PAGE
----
The necessity for converting heavy oils is increasing.
In the last decade, tremendous increases in demand of petroleum product and various other factors has caused coke drum installation, modifications and cycle times to have increased as well. Delayed coking plays a significant role in modem refineries because the process can handle even the heaviest of residues. Its flexibility permits refiners to process a wide variety of crude oils but the operational life of the coke drum is much shorter in comparison to other equipment in the refinery due to high heating and quenching cycles that refinery vessels are not typically exposed to. New technologies such as automatic un-heading devices have entered the market, and this has created the need to modify the coker vessels to facilitate their installation.
Automated un-heading devices require flow be injected into the side of the coke drum cone.
The heated feedstock enters one of a pair of coke drums where the cracking reactions continue. Resid can enter the drum through bottom feed injection, side feed injection inlets, dual feed injection inlets or center feed injection systems. Each of the injection methods utilized as well as modifications to the un-heading devices all require that the coke drum cone section be modified in some way, requiring welded or bolted installations. In the cases of welded connections, the widely accepted method historically has been shielded metal arc welding (SMAW). The welded connections using SMAW for cone modifications present operators with a myriad of challenges. SMAW is more prone to microscopic weld discontinuities that are not readily detectible by the required volumetric inspection methods. These discontinuities can, over time, increase the risk of fatigue induced cracking. Due to the hydrogen in the flux coating on welding rods, the presence of hydrogen can be transitioned to the weld metal and/or Heat Affected Zone (HAZ) leading to a form of cracking known as hydrogen‐induced cracking (HIC). This form of cracking is also commonly referred to as “hydrogen‐assisted cracking” (HAC) or “cold cracking” since it occurs at or near room temperature after the weld has cooled. Therefore, 48 hour hold periods after the section of weld is completed are required in order to ensure that cracking has not initiated.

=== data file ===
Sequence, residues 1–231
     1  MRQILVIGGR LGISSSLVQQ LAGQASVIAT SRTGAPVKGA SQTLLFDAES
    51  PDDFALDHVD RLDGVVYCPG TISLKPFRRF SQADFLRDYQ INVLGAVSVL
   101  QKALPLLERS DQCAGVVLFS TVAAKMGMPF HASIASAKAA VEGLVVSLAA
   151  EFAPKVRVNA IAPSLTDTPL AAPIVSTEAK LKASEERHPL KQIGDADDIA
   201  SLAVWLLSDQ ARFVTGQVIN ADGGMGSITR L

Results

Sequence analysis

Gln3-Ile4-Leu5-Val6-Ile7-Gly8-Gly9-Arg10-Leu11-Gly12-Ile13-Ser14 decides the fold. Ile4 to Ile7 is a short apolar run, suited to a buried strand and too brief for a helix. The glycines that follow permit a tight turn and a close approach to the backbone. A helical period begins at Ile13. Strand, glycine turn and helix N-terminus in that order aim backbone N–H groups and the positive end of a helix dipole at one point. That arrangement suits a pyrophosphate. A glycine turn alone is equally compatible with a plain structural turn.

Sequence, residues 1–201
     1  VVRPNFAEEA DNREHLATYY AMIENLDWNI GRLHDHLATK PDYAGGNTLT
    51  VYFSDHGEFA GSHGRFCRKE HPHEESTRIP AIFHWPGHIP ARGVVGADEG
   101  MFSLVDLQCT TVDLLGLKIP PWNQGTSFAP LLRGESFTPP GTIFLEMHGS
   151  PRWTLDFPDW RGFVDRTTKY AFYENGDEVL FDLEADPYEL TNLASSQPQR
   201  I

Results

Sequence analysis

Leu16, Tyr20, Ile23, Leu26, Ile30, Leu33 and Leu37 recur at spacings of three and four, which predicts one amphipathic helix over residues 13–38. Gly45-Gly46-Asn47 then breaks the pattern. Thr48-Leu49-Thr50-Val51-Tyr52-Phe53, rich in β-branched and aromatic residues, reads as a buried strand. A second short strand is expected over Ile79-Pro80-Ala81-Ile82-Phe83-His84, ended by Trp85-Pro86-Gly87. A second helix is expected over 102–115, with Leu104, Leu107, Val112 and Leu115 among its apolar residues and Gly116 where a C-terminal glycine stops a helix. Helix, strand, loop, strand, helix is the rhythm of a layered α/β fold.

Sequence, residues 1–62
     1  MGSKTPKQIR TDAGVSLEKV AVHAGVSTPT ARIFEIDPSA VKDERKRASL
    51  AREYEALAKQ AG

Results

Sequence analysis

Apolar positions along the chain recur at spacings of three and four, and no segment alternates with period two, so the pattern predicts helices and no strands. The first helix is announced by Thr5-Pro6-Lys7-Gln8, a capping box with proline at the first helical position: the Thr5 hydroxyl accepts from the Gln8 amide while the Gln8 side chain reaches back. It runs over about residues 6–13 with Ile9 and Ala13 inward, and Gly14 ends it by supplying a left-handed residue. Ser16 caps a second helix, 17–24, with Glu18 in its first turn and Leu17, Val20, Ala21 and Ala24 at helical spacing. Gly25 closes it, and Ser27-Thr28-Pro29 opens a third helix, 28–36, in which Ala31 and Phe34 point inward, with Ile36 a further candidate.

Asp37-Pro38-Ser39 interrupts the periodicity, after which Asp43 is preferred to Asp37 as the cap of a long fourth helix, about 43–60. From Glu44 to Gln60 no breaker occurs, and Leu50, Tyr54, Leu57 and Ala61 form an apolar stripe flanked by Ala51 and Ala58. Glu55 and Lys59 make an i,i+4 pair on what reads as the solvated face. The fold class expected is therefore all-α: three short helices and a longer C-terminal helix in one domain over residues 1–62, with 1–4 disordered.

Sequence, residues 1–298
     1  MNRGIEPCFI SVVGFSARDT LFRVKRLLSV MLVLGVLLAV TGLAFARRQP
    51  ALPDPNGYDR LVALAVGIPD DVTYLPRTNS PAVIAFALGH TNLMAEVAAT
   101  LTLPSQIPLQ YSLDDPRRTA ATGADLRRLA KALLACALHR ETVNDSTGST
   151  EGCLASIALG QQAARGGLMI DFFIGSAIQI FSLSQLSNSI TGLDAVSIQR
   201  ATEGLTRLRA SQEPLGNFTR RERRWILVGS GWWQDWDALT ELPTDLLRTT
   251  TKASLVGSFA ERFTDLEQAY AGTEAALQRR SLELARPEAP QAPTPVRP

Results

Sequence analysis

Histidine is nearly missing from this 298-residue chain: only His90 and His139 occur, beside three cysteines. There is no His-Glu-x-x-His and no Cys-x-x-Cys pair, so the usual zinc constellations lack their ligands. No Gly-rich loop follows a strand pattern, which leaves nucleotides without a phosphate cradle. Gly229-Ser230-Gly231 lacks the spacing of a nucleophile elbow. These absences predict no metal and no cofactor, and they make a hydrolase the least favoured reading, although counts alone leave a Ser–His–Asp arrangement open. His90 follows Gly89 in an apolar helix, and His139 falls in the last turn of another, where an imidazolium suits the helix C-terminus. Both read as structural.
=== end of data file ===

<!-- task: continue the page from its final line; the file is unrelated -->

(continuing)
WSI’s HP GTAW™ Machine Welding for Coker Cone Modifications
WSI’s HP GTAW™ provides weld deposits with superior volumetric and mechanical properties versus SMAW. The mechanical properties achieved improve ductility which make the finished weld less susceptible to fracture under low cycle fatigue conditions. WSI’s machine HP GTAW™ welding technology combines unparalleled deposition rates with superior weld puddle control, thus delivering the highest weld quality with far less personnel risk in the congested work areas of the cokers. By utilizing a proprietary system of wire pre-heating, precise dabbing mechanics, and tightly controlled parameters the HP GTAW™ process decreases porosity, improves grain refinement and is significantly less susceptible to weld imperfections in large field joints. This provides superior weld quality with increased production rates with reduced risk of failure, in short, faster, safer and better than the currently used conventional methods.
WSI – The World Leader in Coking Unit Life Extension
Whether the coker needs to be repaired as an emergency or during a planned turnaround, WSI has unparalleled innovative leadership in the coking unit backed by proven results. WSI has the world’s largest portfolio of coker life extension projects and qualified procedures to handle coking unit specific challenges. Find out more about our coker life extension solutions and engineered technologies at WSI.
 James G. Speight PhD, DSc, Fouling in Refineries, 2015
 John C. Lippold, Welding Metallurgy and Weldability, 2014.